New York is such a place (and I mention this primarily because I can’t speak to the experience of London, but I have visited New York, twice). Like my friend’s dissatisfaction with her London experience, my two brothers have been to New York and both found it overwhelming, noisy, crowded, oppressive; as one of them puts it, it was too much of the big smoke and too little of the open sky. I can counter none of these assessments, primarily subjective as they are, but when they told me about their trip and noted that they wouldn’t go back if given the option, I was – there’s no other word that’s as apt – gobsmacked. For me, New York was a unique and brilliant experience. It was a world apart, every bit as different and exotic and alien as if I’d been whisked off the surface of the Earth and teleported Star Trek-fashion into the centre of some Asimovian metropolis on the other side of the galaxy. The explorer in me was enthralled by the microcosm that the city represented, the stupendous diversity of humanity crammed into this one urban concentration. Some linguists believe that native speakers of as many as 800 languages may reside in the city, perhaps the most concentrated hotbed of linguistic diversity anywhere on the planet, and each gives their own unique spin to what it means to be American; that diversity is bleeding out of the Five Boroughs’ every pore. Every day I went walking I felt like I was entering a new town of sorts, a new locale, able to experience something starkly different from whatever it was I’d done the previous day. Strangely, I never felt crowded by people; even in Times Square it was easy to navigate around clots of tourists, and the area of Upper Manhattan I stayed in the first time it was positively peaceful much of the time. Meandering along the streets I’d read signs advertising all sorts of goods and services – Jewish delicatessens, Russian bakeries, Korean laundries. I heard more different languages spoken in one day in New York than on any other day before or since. Look here; see vaulting skyscrapers sparkling with thousands of mirror facets, white-gloved security staff calmly alert under canvas awnings that arch over brass-fitted foyers. Now look over there; see low two-storey red brick buildings, a graffiti-covered roll-a-door protecting a family-run convenience store with “Se Habla Español” on a handwritten sign in the window. On one day, I might see the frescoes of a reconstructed Pompeiian villa, the world’s largest collection of shrunken heads, and Neil DeGrasse Tyson’s planetarium, and come out of one of the city’s best pizzerias to see a two-time Academy Award nominee leaving the theatre opposite. (Jude Law, for the record.) On the next day, I might eat a pretzel and tandoori chicken with rice and salad from street vendors, then spend three hours discovering bronze statues, bench dedications, and wildlife in the surprisingly peaceful vastness of Central Park. Even the hostel I stayed at the first time – in the bottom levels of a brownstone in the middle of Harlem, a dodgy little place with rips in the vinyl of the couches, vegetation overgrown in what passed for its backyard, and a spanner kept in the shower so that you could actually turn the water on (the faucet head had long since been stolen) – was an experience that, while I maybe mightn’t stay there again, I enjoyed greatly nevertheless. My stay there gave me both richly memorable experiences and deeply treasured friends; two aspiring career musicians I met there, Grace and Kenny, I still keep in touch with. They brought me to a fun Mexican eatery not far from the Museum of Modern Art that I made it a point to go back to on my second visit; another night, we bought fountain sodas in a fast food place and spiked them with vodka while we wandered the streets of Harlem. The mixture of brazen wide-eyed camera-wielding tourism during the day and relaxed enjoyment with knowledgeable locals during the evening was the perfect way to experience the city, and I suppose that these reasons are what influence me to find it striking that one might visit New York and come out of it disappointed.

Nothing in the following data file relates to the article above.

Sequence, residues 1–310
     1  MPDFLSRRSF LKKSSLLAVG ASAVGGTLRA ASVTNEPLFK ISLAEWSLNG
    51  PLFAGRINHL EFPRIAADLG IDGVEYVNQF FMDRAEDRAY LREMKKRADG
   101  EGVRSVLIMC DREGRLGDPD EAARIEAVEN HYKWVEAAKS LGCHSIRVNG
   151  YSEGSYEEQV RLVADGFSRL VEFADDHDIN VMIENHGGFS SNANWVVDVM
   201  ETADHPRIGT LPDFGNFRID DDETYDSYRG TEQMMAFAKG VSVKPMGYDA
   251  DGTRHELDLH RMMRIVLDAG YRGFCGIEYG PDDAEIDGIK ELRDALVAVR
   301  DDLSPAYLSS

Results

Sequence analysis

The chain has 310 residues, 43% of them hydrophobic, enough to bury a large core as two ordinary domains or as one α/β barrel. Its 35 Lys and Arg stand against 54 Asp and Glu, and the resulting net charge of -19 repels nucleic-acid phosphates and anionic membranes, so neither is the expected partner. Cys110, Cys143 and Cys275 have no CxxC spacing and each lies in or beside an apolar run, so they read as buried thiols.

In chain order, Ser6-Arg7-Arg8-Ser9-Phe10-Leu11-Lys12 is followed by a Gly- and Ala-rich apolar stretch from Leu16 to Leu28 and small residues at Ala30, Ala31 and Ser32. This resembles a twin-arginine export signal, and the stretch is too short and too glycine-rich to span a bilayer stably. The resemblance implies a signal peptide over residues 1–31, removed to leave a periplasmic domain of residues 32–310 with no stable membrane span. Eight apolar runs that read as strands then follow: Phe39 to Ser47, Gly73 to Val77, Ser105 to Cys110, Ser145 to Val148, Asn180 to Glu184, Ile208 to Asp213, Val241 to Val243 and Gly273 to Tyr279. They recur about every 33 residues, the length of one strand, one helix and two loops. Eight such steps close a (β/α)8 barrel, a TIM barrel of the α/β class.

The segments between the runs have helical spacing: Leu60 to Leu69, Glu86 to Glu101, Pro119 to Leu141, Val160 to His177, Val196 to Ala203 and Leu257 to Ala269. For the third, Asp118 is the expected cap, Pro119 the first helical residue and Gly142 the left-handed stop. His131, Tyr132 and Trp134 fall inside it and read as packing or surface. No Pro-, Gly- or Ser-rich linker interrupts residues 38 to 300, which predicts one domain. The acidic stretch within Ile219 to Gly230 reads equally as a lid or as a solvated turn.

I rather like to think that my brothers’ dissatisfaction was at least in part caused by a combination of the time of year (they visited during the unseasonably cold snap of early 2014, and so the city was largely snowbound – by contrast, my visits were made during the late summer and early autumn, a time that’s warm but not intolerably so, when Central Park’s rich verdure is in full flush and the city’s denizens are more outgoing) and the fact that neither of them are particular fans of museums. Much of my New York state of mind came from the rich range of world-class museums they have: the Metropolitan Museum of Art, where Johannes Vermeer first captivated me with Det Melkmeisje that was on loan from the Rijksmuseum in Amsterdam; the American Museum of Natural History, because I’m a nerdy freak for all things natural history and particularly palæontology, and the AMNH has a wondrous collection of mounted dinosaur fossils; the Museum of Modern Art, where Vincent van Gogh’s The Starry Night was on display, far more spectacular in person than in a print of any fidelity; and even the Ripley’s Odditorium on Times Square, basically a fuck-off enormous Victorian curio cupboard with probably about as much authenticity about it but still some fascinating exhibits. One of my brothers tells me, too, that he rather fancies a little of the type of culture shock the Japanese call パリ症候群 Pari shōkōgun (in English, Paris syndrome) might also be to blame. This manifests when visitors to Paris (for some reason particularly Japanese tourists) suffer a psychological shock from realising that the reality of the city differs sharply from the received and preconceived ideal version of Paris: the Eiffel-Tower-in-spring, croissantsaveccafé, skinny-Chanel-model-in-marinière-and-beret Paris they’ve been delivered in Western movies and glossy magazine liftouts (and honestly, sometimes the stereotypes  write themselves). Certainly New York is a city that’s similarly widely represented in mass media, and so people’s perceptions of it would, one presumes, be subject to this same kind of unpleasant dissonance – a Stadtschmerz, if you like. This makes a lot of sense to me, particularly as my mental illness brings me to feel a good deal of Schmerz about the Welt in general, and I can objectively wrap my head around the idea that a specific place might trigger such a feeling too. I’d also never even flown in a commercial plane until I was 23, and never overseas until 26, so I suspect that for me the novelty of overseas travel of any sort is still in play. Even now there’s little that makes me feel more like a young kid opening her presents on Christmas morning than the intensifying roar of jet engines outside the heavily-insulated window that seems to dampen the sound not at all, and the heady feeling of being shoved backwards into my chair by g-forces as the pilot puts the hammer down to take off.